Now with the authorities taking up the second stage of the project to lay optic fibre cables, more footpaths and roads are likely to be dug up leaving the pedestrian at the mercy of the motorists.

Besides, footpaths on several roads such as Nruputunga Road (on the side of the Magistrate courts) and Lavelle Road have been removed to widen the roads. Footpaths on either side of Lal Bagh Road from Richmond Circle to Double Road have become smaller after the Richmond Circle flyover was built.

Similarly, there is no footpath on Commercial Street and pedestrians are forced to walk on the road. And with the City Police permitting shoppers to park four-wheelers on the road there, walking has become dangerous as pedestrians have to constantly dodge passing vehicles.

Encroachment of footpaths in commercial areas and on some major roads have become common in Majestic, Gandhinagar, Jayanagar, City Market, Malleswaram, Kalasipalyam, Seshadripuram and Shivajinagar. Footpaths in these areas have been taken over by footpath and push cart vendors.

In areas such as Jayanagar, Basavangudi and Chamarajpet, footpaths have become places for people to stand and eat, thereby obstructing movement of pedestrians. The Karnataka Power Transmission Corporation Limited (KPTCL) has set up huge transformers on footpaths forcing pedestrians to walk around them.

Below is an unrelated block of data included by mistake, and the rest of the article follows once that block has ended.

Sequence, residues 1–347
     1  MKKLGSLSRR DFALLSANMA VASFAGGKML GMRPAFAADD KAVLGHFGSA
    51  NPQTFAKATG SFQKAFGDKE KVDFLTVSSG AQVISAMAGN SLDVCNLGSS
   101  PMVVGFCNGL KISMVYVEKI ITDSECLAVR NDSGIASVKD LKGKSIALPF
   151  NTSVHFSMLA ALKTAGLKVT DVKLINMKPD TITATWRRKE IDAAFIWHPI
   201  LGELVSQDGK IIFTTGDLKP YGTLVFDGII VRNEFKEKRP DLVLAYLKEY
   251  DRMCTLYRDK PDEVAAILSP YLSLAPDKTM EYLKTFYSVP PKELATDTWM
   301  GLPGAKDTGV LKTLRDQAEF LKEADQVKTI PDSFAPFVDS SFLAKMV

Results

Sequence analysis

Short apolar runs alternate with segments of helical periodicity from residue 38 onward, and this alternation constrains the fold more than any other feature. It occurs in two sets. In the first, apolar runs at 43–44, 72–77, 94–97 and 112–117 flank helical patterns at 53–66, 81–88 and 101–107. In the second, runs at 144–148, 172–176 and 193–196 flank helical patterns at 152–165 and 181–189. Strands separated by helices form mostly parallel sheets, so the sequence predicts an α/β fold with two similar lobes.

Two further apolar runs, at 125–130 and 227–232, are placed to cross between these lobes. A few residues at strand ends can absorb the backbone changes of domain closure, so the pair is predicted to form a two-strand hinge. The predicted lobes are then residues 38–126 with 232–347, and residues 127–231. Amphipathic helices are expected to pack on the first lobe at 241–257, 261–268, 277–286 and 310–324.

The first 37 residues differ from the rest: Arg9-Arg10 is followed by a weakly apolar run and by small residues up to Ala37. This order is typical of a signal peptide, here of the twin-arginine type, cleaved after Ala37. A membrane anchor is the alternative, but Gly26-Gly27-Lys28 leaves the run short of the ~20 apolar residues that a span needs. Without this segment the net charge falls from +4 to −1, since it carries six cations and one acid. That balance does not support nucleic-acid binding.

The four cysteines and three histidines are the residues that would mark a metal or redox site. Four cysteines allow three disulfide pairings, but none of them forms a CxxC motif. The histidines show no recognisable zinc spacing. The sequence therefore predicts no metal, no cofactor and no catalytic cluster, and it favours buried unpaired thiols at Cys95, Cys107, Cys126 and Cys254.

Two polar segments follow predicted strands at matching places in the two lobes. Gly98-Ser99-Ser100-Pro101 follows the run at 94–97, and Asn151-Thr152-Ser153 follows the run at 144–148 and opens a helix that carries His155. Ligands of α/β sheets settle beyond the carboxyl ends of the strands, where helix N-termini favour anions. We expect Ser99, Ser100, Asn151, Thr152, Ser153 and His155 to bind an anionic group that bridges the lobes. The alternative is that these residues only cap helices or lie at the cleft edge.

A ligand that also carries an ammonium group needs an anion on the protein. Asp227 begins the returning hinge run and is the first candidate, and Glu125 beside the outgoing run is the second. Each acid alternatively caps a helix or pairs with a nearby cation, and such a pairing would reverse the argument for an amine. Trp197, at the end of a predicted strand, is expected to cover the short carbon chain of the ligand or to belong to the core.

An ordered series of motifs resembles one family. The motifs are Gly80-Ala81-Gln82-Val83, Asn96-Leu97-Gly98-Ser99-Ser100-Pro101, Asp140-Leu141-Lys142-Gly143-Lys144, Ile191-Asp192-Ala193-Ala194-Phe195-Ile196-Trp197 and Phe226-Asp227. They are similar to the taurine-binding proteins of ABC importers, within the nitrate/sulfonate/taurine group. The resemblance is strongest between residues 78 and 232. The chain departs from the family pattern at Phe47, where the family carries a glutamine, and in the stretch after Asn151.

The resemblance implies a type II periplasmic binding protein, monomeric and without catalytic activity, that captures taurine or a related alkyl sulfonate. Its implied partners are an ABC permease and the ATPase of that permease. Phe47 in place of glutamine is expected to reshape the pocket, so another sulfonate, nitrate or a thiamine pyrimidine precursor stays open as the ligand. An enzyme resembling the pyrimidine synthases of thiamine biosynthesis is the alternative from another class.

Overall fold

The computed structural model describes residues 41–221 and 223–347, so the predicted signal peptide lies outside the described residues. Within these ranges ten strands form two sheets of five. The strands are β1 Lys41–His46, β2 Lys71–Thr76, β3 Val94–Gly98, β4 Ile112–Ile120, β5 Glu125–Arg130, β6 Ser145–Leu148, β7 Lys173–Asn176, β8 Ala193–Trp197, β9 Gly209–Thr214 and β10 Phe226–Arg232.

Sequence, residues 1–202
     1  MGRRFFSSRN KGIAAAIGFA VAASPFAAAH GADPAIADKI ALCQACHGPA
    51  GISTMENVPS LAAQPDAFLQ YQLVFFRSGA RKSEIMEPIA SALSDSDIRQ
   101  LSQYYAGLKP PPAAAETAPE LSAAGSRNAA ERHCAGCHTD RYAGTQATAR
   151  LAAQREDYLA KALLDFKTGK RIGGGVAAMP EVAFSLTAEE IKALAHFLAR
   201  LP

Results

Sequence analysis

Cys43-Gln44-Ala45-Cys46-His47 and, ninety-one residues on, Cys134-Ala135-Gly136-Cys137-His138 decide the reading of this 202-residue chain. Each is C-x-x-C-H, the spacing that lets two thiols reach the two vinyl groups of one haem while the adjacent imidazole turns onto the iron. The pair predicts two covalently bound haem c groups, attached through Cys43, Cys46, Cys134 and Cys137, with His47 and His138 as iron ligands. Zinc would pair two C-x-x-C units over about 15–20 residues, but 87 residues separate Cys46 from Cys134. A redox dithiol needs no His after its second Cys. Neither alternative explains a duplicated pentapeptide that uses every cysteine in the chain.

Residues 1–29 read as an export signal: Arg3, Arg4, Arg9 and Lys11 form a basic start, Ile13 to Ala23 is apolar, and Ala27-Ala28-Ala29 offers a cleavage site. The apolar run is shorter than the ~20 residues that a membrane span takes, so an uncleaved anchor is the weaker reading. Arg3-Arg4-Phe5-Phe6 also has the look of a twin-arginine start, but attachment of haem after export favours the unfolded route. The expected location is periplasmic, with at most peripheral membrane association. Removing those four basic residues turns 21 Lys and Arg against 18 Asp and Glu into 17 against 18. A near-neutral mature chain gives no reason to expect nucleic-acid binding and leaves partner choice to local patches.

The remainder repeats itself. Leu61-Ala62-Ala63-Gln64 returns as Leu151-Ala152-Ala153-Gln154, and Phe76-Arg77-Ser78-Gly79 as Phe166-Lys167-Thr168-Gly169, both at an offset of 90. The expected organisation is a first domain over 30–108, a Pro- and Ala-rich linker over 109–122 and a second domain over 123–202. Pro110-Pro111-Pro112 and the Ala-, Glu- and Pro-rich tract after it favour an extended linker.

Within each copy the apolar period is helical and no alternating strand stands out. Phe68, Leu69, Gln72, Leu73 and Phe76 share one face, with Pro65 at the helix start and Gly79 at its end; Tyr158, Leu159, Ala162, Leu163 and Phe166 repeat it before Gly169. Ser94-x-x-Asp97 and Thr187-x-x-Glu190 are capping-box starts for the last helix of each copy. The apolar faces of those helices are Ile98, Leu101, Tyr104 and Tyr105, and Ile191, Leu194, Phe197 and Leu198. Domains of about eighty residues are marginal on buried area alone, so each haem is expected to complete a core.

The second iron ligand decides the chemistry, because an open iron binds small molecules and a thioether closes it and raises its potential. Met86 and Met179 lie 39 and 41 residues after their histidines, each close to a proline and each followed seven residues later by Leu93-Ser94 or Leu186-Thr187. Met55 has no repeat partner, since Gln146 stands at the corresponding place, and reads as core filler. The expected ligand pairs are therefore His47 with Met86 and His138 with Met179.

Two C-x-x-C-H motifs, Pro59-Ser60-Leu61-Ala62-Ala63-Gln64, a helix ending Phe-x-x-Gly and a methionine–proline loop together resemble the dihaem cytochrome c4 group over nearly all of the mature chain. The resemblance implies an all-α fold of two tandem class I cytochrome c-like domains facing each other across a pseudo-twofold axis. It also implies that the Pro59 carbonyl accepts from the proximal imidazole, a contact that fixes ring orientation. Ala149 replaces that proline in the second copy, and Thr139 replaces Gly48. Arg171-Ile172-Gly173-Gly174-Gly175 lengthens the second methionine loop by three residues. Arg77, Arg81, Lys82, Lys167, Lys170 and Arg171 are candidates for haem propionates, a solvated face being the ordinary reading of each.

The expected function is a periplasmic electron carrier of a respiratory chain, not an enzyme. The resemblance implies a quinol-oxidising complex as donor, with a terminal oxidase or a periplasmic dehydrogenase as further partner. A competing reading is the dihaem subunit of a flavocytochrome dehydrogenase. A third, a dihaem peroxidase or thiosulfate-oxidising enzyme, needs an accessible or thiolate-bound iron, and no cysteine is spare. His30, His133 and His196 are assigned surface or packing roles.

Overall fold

There are very few pedestrian crossings on roads such as J.C.Road and on Lal Bagh Road from Siddaiah Circle to Subbaiah Circle. With traffic on both these roads being made one-way, movement of vehicles is heavy.

The City Police said that the traffic management plan was conceived by them along with the Bangalore Mahanagara Palike (BMP) and the Bangalore Metropolitan Transport Corporation (BMTC) in coordination with the Bangalore Agenda Task Force (BATF).

The plan, they said, involved a combination of one-way traffic management, synchronised signals and passovers in conjunction with pedestrian facilities and was based on data available from earlier and recent studies from the Central Road Research Institute (CRRI), the Rail International Limited (RITES), Elevated Light Rail Transit System (ELRTS), CIRT and Metro Bus Project.